Actions that are easy or hard to do


  1. 食べる 【た・べる】 (ru-verb) – to eat
  2. しゃべる (u-verb) – to talk
  3. この – this (abbr. of これの)
  4. 字 【じ】 – character; hand-writing
  5. 読む 【よ・む】 (u-verb) – to read
  6. カクテル – cocktail
  7. ビール – beer
  8. 飲む 【の・む】 (u-verb) – to drink
  9. 部屋 【へ・や】 – room
  10. 暗い 【くら・い】 (i-adj) – dark
  11. 見る 【み・る】 (ru-verb) – to see
  12. 難しい 【むずか・しい】 (i-adj) – difficult
  13. 易しい 【やさ・しい】 (i-adj) – easy
  14. 簡単 【かん・たん】 (na-adj) – simple
  15. 容易 【よう・い】 (na-adj) – simple
  16. その – that (abbr. of それの)
  17. 肉 【にく】 – meat

This is a short easy lesson on how to transform verbs into adjectives describing whether that action is easy or difficult to do. Basically, it consists of changing the verb into the stem and adding 「やすい」 for easy and 「にくい」 for hard. The result then becomes a regular i-adjective. Pretty easy, huh?

Using 「~やすい、~にくい」 to describe easy and difficult actions

  • To describe an action as being easy, change the verb to the stem and add 「やすい」. To describe an action as being difficult, attach 「にくい」 to the stem.

    1. 食べ食べやすい
    2. しゃべしゃべしゃべりにくい

The result becomes a regular i-adjective.
Positive Negative
Non-Past 食べにく 食べにくくない
Past 食べにくかった 食べにくくなかった


  1. この読みにくい
    This hand-writing is hard to read.
  2. カクテルビールより飲みやすい
    Cocktails are easier to drink than beer.
  3. 部屋暗かったので、にくかった
    Since the room was dark, it was hard to see.

As an aside: Be careful with 「にくい」 because 「醜い」 is a rarely used adjective meaning, “ugly”. I wonder if it’s just coincidence that “difficult to see” and “ugly” sound exactly the same?

Of course, you can always use some other grammatical structure that we have already learned to express the same thing using appropriate adjectives such as 「難しい」、「易しい」、 「簡単」、「容易」、etc. The following two sentences are essentially identical in meaning.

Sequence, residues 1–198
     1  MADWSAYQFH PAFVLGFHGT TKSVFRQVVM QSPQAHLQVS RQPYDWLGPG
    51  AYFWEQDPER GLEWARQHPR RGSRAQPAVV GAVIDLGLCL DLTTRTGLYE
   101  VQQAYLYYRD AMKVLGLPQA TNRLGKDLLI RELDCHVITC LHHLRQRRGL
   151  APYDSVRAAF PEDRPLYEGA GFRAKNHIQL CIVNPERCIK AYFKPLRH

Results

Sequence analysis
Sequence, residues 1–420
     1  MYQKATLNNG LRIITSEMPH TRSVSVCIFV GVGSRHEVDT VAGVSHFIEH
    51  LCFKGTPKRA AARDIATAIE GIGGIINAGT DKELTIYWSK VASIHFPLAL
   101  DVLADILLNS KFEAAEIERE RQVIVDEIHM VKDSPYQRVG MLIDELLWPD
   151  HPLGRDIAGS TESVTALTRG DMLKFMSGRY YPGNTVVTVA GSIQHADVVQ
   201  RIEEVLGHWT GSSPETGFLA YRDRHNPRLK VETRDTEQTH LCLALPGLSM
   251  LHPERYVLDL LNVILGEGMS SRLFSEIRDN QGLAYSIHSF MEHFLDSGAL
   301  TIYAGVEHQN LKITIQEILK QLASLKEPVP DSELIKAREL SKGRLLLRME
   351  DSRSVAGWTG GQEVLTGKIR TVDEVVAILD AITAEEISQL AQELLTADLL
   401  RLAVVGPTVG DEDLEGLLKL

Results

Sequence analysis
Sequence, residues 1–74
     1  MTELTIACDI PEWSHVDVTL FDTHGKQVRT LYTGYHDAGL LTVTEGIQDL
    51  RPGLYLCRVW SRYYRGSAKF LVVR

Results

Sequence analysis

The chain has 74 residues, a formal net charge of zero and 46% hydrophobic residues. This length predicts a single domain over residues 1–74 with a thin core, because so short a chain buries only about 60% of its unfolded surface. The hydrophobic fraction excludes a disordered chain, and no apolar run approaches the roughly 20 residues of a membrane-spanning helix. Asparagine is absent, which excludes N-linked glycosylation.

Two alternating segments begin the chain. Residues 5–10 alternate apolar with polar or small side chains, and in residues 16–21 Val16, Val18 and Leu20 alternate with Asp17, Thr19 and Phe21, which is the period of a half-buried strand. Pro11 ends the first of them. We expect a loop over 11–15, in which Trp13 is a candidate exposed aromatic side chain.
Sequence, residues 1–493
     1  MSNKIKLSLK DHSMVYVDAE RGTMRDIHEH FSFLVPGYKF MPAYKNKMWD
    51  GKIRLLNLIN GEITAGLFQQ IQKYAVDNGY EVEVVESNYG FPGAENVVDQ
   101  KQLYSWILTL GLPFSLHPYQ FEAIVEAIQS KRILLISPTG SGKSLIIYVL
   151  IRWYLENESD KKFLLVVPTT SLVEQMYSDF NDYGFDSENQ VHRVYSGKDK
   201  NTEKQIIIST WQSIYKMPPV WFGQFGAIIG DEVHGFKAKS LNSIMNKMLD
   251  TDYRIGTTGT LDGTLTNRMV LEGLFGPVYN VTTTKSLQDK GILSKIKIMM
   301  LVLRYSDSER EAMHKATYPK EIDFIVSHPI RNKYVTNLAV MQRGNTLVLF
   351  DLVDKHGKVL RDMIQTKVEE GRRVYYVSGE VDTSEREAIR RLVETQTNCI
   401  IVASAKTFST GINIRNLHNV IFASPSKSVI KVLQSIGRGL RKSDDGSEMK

1. その食べにくい
    That meat is hard to eat.
  2. その食べるのは難しい
    The thing of eating that meat is difficult.

Variations of 「~にくい」 with 「~がたい」 and 「~づらい」


  1. 彼 【かれ】 – he; boyfriend
  2. 忘れる 【わす・れる】 (ru-verb) – to forget
  3. 思い出 【おも・い・で】 – memories
  4. 大切 【たい・せつ】 (na-adj) – important
  5. する (exception) – to do
  6. とても – very
  7. 信じる 【しん・じる】 (ru-verb) – to believe
  8. 話 【はなし】 – story
  9. 本当 【ほん・とう】 – real
  10. 起こる 【おこ・る】 (u-verb) – to happen
  11. 辛い【1) から・い; 2) つら・い】 (i-adj) – 1) spicy; 2) painful
  12. 日本語 【に・ほん・ご】 – Japanese (language)
  13. 読む 【よ・む】 (u-verb) – to read
  14. 待ち合わせ 【ま・ち・あわ・せ】 – meeting arrangement
  15. 分かる 【わ・かる】 (u-verb) – to understand
  16. 場所 【ば・しょ】 – location

The kanji for 「にくい」 actually comes from 「難い」 which can also be read as 「かたい」. As a result, you can also add a voiced version 「~がたい」 as a verb suffix to express the same thing as 「にくい」. 「にくい」 is more common for speaking while 「がたい」 is more suited for the written medium. 「にくい」 tends to be used for physical actions while 「がたい」 is usually reserved for less physical actions that don’t actually require movement. However, there seems to be no hard rule on which is more appropriate for a given verb so I suggest searching for both versions in google to ascertain the popularity of a given combination. You should also always write the suffix in hiragana to prevent ambiguities in the reading.


  1. との忘れがたい思い出大切している
    I am treating importantly the hard to forget memories of and with him.
  2. とても信じがたいだが、本当起こったらしい。
    It’s a very difficult to believe story but it seems (from hearsay) that it really happened.

Yet another, more coarse variation of stem + 「にくい」 is to use 「づらい」 instead which is a slightly transformed version of 「辛い」(つらい). This is not to be confused with the same 「辛い」(からい), which means spicy!


  1. 日本語読みづらいな。
    Man, Japanese is hard to read.
  2. 待ち合わせは、分かりづらい場所しないでね。
    Please don’t pick a difficult to understand location for the meeting arrangement.
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